Sudan - Encyclopedia Information
Official name Republic of the Sudan
Formation 1956 / 2011
Population 34 million / 47 people per sq mile (18 people per sq km)
Total area 718,722 sq. miles (1,861,481 sq. km)
Languages Arabic, Nubian, Beja, Fur
Religions Almost 100% Muslim (mainly Sunni)
Ethnic mix Arab 60%, Other 18%, Nubian 10%, Beja 8%, Fur 3%, Zaghawa 1%
Government Presidential system
Currency New Sudanese pound = 100 piastres
Literacy rate 70%
Calorie consumption 2266 kilocalories
Sudan is one of those countries that has a fascinating history about which few Brits are aware. We should know more about it. There are periods in it like the empire of Kush and Meroe, which are particularly interesting.
Britain started getting seriously involved in the area in the late nineteenth century, mainly via our involvement in Egypt. Nineteenth-century Egypt fancied expanding south into the Sudan and sent expeditions that gradually conquered the country. So as we became more involved in Egypt, we became more involved in the Sudan as well. So much so, in fact, that it even reached the stage where the Khedive of Egypt was appointing a Brit, one Charles George Gordon, as governor of the Sudan. He did at least try to stamp out slave-trading here.
It’s at this point that Muhammad Ahmed comes into the picture. He led a religious and political rebellion against foreign rule and his followers had quite a lot of success against us. For instance, they defeated a British and Egyptian force near Al Ubayyid in 1882 and subsequently besieged and took Al Ubayyid. What happened then is that Gordon got himself stuck in Khartoum surrounded by the rebels and in January 1885 a British relief column reached the city two days after it had fallen and Gordon had been killed. Muhammad Ahmed himself died some six months after Gordon, but his regime lived on and attempted to spread into surrounding areas. Finally, in 1896, Kitchener, at the head of the British and Egyptian Nile Expeditionary Force, set off to invade Sudan. After assorted engagements on the way, Kitchener’s army arrived for the decisive battle at Omdurman on 2 September 1898. The massive firepower that Kitchener’s force was able to deploy helped to ensure a crushing defeat for the forces opposing him, with thousands of them dying, compared to only a few of the British and Egyptian force.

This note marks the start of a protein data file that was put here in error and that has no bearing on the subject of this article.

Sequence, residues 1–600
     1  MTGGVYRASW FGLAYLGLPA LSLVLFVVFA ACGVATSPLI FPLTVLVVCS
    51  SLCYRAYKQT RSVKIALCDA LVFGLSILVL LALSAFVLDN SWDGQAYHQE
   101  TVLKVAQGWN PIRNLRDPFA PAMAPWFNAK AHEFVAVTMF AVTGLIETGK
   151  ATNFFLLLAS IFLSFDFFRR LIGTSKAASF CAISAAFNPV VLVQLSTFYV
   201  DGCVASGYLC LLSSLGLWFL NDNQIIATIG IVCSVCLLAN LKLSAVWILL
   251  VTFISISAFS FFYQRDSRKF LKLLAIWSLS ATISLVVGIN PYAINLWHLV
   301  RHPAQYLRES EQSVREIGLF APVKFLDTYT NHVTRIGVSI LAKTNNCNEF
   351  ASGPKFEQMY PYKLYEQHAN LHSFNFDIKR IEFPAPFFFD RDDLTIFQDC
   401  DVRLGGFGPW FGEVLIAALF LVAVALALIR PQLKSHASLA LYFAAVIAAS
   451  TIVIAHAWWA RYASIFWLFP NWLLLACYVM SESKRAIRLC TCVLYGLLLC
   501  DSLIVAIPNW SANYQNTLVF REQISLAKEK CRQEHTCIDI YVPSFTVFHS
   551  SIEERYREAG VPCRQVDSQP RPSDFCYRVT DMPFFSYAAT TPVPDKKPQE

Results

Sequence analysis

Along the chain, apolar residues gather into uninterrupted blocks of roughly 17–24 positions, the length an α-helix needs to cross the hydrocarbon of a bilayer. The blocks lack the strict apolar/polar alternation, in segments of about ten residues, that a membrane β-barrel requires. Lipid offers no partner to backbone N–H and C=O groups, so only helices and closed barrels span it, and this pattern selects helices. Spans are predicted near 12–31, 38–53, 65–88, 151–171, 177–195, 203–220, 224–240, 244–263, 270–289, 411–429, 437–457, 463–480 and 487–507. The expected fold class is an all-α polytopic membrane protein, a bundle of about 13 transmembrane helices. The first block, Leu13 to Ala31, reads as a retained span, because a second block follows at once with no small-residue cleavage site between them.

After that, in 1916 during the First World War, we were afraid that the Sultan of Darfur would assist the Ottomans against us in Egypt, so we invaded Darfur and incorporated it into Sudan. We recognised Sudan’s independence on 1 January 1956.